CCGT

Gas

Steam

Wind

Solar

Fig. 4.

Inertia and power generation for the low demand case: with and without solar and wind (Ssystem = 100M V A)

In a rst method, an energy storage system (ESS) like batteries or capacitors is added together with a PV unit or wind farm [15], [16]. A coordinated control is necessary between the ESS and the wind farm/PV unit, to optimize the power output by the renewables and the frequency support. Another possibility is deloading or curtailing the wind turbine or PV unit. By deloading, the units operate at a sub-optimal operating point and a power reserve is created which can be used for frequency control [17]. The main advantage of this option is that frequency control can be delivered for a longer period of time and thus participate in primary and secondary control like conventional power plants do. However, keeping reserves by renewables is relatively expensive due to the production support mechanisms and the negligible marginal costs [18].

A third option (only applicable to wind turbines) uses the kinetic energy to support the frequency by interchanging this energy with the grid (Figure 5). For instance, during a frequency dip, the wind turbine will raise its power output during tdec to deliver frequency support. As a consequence, the rotor speed will drop. To bring it back to the optimal rotor speed, the power output decreases [19], [20]. In this case, no power is spilled during normal operation. On the other hand, frequency control can only be delivered for a short time and a second frequency dip can occure because of the decrease in power output during tacc . Finally, we can also intervene at the load side through demand side management (DSM). In [21] for instance, a control method is proposed to control a voltageindependent load to support the frequency.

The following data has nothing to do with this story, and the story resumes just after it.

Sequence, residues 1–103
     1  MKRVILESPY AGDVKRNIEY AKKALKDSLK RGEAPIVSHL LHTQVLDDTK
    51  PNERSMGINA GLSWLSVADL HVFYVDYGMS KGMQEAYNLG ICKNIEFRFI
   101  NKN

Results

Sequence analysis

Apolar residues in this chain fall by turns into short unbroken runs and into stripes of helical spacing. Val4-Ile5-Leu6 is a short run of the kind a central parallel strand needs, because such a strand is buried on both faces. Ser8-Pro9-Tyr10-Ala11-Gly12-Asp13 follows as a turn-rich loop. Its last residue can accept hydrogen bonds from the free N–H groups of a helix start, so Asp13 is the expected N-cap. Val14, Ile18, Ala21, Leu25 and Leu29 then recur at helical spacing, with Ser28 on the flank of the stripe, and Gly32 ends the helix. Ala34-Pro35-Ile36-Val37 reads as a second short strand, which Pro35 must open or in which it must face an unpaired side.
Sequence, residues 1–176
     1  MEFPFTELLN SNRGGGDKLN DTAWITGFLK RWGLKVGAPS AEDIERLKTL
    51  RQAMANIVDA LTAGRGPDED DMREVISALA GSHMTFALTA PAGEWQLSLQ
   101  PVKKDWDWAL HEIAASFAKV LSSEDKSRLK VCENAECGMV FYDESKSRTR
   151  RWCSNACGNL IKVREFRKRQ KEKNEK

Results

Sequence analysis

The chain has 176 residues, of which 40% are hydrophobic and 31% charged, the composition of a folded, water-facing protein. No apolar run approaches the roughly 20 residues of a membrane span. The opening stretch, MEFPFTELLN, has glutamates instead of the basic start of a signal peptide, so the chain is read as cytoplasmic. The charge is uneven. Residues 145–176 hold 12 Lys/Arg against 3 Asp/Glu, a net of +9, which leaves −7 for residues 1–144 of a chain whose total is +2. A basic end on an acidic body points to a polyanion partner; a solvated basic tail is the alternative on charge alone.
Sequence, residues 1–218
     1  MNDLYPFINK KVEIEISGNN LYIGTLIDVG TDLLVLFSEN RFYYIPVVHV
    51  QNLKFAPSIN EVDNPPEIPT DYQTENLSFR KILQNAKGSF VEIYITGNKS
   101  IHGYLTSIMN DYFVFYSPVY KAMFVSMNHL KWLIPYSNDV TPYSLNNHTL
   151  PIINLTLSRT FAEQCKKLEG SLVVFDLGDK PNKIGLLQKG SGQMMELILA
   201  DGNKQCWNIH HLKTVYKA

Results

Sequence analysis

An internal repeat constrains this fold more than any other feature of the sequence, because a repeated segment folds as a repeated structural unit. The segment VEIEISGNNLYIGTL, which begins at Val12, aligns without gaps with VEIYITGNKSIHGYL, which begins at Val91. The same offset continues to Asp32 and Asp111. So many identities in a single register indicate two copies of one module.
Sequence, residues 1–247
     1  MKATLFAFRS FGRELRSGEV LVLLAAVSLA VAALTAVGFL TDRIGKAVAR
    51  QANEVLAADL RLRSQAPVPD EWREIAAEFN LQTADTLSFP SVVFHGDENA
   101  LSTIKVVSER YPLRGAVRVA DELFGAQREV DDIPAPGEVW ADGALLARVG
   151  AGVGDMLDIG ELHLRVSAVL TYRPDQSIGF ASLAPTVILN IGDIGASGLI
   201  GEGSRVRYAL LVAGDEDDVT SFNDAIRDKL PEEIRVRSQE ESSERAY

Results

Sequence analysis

Stored kinetic energy

Stored kinetic energy